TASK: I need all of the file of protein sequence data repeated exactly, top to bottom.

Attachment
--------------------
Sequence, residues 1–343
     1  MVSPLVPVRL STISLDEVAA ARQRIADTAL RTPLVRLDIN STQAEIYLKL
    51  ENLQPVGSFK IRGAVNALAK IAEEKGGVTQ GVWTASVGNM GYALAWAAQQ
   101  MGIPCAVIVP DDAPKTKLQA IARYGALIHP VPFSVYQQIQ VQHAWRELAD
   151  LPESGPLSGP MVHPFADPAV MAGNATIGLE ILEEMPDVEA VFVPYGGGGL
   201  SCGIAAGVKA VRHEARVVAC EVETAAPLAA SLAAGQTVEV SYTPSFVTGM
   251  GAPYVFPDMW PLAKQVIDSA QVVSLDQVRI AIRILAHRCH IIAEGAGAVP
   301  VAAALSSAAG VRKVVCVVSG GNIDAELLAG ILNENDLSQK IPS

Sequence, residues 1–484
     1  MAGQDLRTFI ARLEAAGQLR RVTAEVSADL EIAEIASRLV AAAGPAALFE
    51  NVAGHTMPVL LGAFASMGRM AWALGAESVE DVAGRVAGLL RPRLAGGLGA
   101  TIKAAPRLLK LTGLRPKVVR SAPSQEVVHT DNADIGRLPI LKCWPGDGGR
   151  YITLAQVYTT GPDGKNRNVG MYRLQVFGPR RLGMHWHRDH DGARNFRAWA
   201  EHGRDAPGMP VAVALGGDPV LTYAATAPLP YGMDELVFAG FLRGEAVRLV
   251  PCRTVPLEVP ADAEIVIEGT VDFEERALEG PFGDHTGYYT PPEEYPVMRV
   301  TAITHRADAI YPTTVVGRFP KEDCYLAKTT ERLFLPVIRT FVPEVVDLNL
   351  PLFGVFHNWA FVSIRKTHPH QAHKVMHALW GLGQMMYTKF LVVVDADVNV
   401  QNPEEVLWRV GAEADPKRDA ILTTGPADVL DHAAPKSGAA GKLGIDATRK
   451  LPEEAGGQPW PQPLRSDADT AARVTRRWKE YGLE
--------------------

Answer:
Sequence, residues 1–343
     1  MVSPLVPVRL STISLDEVAA ARQRIADTAL RTPLVRLDIN STQAEIYLKL
    51  ENLQPVGSFK IRGAVNALAK IAEEKGGVTQ GVWTASVGNM GYALAWAAQQ
   101  MGIPCAVIVP DDAPKTKLQA IARYGALIHP VPFSVYQQIQ VQHAWRELAD
   151  LPESGPLSGP MVHPFADPAV MAGNATIGLE ILEEMPDVEA VFVPYGGGGL
   201  SCGIAAGVKA VRHEARVVAC EVETAAPLAA SLAAGQTVEV SYTPSFVTGM
   251  GAPYVFPDMW PLAKQVIDSA QVVSLDQVRI AIRILAHRCH IIAEGAGAVP
   301  VAAALSSAAG VRKVVCVVSG GNIDAELLAG ILNENDLSQK IPS

Sequence, residues 1–484
     1  MAGQDLRTFI ARLEAAGQLR RVTAEVSADL EIAEIASRLV AAAGPAALFE
    51  NVAGHTMPVL LGAFASMGRM AWALGAESVE DVAGRVAGLL RPRLAGGLGA
   101  TIKAAPRLLK LTGLRPKVVR SAPSQEVVHT DNADIGRLPI LKCWPGDGGR
   151  YITLAQVYTT GPDGKNRNVG MYRLQVFGPR RLGMHWHRDH DGARNFRAWA
   201  EHGRDAPGMP VAVALGGDPV LTYAATAPLP YGMDELVFAG FLRGEAVRLV
   251  PCRTVPLEVP ADAEIVIEGT VDFEERALEG PFGDHTGYYT PPEEYPVMRV
   301  TAITHRADAI YPTTVVGRFP KEDCYLAKTT ERLFLPVIRT FVPEVVDLNL
   351  PLFGVFHNWA FVSIRKTHPH QAHKVMHALW GLGQMMYTKF LVVVDADVNV
   401  QNPEEVLWRV GAEADPKRDA ILTTGPADVL DHAAPKSGAA GKLGIDATRK
   451  LPEEAGGQPW PQPLRSDADT AARVTRRWKE YGLE